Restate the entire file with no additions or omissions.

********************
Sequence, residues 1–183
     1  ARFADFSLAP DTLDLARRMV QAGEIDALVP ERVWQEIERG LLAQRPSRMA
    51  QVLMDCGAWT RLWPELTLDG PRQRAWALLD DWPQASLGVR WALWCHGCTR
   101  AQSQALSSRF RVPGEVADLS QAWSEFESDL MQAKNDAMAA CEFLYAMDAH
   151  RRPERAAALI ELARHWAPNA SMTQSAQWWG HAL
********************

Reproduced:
Sequence, residues 1–183
     1  ARFADFSLAP DTLDLARRMV QAGEIDALVP ERVWQEIERG LLAQRPSRMA
    51  QVLMDCGAWT RLWPELTLDG PRQRAWALLD DWPQASLGVR WALWCHGCTR
   101  AQSQALSSRF RVPGEVADLS QAWSEFESDL MQAKNDAMAA CEFLYAMDAH
   151  RRPERAAALI ELARHWAPNA SMTQSAQWWG HAL